Time Running Out For United?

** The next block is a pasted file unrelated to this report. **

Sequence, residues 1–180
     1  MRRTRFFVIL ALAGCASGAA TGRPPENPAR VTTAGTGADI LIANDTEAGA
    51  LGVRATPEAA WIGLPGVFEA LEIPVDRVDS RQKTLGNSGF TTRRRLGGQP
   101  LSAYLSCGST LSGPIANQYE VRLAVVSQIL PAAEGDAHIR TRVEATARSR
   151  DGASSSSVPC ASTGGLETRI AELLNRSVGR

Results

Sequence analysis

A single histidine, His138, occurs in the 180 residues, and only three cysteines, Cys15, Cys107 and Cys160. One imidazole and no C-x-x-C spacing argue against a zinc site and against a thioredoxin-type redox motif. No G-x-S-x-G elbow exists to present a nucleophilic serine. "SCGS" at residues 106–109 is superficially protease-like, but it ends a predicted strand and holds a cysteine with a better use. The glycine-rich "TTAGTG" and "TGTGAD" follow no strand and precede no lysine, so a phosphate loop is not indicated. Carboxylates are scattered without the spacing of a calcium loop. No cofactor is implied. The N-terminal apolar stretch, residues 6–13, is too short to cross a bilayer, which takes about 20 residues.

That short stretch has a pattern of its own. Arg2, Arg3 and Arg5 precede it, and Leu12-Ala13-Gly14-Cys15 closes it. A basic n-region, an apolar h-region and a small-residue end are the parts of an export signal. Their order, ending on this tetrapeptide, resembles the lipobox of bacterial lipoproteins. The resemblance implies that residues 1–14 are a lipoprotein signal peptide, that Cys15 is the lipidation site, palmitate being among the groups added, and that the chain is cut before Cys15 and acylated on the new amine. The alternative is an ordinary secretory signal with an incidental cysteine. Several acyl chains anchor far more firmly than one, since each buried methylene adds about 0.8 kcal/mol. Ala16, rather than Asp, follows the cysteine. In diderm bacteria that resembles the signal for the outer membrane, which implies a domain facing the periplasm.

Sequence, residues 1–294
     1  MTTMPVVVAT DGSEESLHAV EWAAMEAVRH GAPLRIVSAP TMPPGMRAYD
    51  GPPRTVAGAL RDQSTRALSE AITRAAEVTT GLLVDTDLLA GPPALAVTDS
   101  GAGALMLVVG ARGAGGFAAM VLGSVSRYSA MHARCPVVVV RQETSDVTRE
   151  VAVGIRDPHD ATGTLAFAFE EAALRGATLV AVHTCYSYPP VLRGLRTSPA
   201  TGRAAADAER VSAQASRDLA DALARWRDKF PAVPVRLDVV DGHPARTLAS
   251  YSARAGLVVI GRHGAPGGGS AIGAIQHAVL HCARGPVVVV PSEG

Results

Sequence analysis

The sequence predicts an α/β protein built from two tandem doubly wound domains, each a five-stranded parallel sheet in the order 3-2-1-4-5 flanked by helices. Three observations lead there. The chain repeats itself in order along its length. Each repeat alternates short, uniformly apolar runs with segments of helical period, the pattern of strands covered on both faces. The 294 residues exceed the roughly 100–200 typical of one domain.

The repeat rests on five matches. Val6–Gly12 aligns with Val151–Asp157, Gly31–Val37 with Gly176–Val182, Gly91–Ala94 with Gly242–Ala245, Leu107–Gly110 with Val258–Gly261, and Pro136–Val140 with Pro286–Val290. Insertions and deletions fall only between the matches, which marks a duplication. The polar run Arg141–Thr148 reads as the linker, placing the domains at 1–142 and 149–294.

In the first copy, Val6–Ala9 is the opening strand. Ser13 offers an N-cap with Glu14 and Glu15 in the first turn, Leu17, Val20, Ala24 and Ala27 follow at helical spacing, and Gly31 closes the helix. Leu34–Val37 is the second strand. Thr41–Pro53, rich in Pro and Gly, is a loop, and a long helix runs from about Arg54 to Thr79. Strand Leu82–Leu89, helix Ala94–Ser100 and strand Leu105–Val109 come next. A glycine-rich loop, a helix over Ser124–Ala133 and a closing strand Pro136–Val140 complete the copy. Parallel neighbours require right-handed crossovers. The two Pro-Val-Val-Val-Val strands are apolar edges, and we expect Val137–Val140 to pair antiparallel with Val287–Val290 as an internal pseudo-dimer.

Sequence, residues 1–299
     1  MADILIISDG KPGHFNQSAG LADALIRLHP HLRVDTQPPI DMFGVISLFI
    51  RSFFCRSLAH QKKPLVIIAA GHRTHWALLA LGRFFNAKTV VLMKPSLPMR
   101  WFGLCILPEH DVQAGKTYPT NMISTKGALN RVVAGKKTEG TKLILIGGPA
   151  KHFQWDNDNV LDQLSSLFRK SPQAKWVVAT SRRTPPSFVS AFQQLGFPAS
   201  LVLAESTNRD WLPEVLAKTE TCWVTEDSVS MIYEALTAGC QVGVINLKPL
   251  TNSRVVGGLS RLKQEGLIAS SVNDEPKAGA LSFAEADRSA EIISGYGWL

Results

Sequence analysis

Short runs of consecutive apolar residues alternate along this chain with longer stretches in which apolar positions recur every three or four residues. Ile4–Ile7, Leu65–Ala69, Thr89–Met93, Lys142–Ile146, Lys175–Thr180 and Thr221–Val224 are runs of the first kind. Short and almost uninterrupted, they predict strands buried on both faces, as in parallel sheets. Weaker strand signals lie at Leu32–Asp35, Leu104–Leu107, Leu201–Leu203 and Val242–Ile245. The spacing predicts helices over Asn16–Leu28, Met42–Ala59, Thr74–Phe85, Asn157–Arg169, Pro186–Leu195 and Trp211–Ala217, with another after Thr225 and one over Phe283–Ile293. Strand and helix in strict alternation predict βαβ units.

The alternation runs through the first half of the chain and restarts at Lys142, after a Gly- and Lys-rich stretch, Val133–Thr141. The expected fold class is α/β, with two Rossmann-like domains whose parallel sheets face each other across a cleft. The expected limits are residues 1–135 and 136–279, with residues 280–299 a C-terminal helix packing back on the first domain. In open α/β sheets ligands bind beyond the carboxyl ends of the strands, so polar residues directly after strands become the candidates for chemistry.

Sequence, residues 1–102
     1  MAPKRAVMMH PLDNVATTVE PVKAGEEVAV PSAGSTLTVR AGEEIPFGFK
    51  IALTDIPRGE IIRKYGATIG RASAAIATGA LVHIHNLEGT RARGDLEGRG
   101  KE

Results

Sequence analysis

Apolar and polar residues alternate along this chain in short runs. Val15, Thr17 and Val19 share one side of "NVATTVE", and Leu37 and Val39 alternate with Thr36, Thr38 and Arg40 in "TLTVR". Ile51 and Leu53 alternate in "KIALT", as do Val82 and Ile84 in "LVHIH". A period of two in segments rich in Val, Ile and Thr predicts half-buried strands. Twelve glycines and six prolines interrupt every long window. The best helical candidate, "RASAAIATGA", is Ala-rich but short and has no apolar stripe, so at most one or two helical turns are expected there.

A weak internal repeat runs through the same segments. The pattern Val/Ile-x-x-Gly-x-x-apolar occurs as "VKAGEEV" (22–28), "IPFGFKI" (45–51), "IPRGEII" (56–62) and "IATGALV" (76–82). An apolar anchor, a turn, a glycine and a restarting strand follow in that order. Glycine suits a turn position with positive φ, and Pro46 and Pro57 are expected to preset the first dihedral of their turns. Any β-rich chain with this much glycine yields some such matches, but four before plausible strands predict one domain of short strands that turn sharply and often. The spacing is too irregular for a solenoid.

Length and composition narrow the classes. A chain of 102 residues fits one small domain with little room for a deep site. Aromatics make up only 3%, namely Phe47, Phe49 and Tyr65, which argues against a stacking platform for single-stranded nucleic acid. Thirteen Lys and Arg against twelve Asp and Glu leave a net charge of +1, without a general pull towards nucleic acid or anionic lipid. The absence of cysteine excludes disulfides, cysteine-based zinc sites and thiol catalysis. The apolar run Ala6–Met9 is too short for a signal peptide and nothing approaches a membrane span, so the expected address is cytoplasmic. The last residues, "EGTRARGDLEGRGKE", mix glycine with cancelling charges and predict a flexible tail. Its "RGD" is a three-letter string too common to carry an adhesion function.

The clock is ticking for United Air Lines and its new CEO is trying desperately to keep it wound. Glenn Tilton is spending all his time these days trying to convince the federal government to loan the airline $2 billion and guarantee $1.8 billion of that. If the Airline Transportation Stabilization Board (ATSB) doesn't approve the loan, the biggest in its history, United could be headed for bankruptcy as early as Dec. 2. That's the day a $375 million debt comes due. Since becoming CEO of the U.S.'s second-largest airline in September, Tilton has managed to wrangle $6 billion in concessions (according to The Washington Post) from workers, suppliers and vendors. He's also managed to forge an (forgive us) united front between its fractious unions, which own 55 percent of the airline. All that's left is to convince the ASTB to approve the loan. With some prodding by a letter campaign mounted by 30,000 United employees, the ATSB revealed last week that it considers the United application deficient in six ways. We wonder if walking on water was on the list.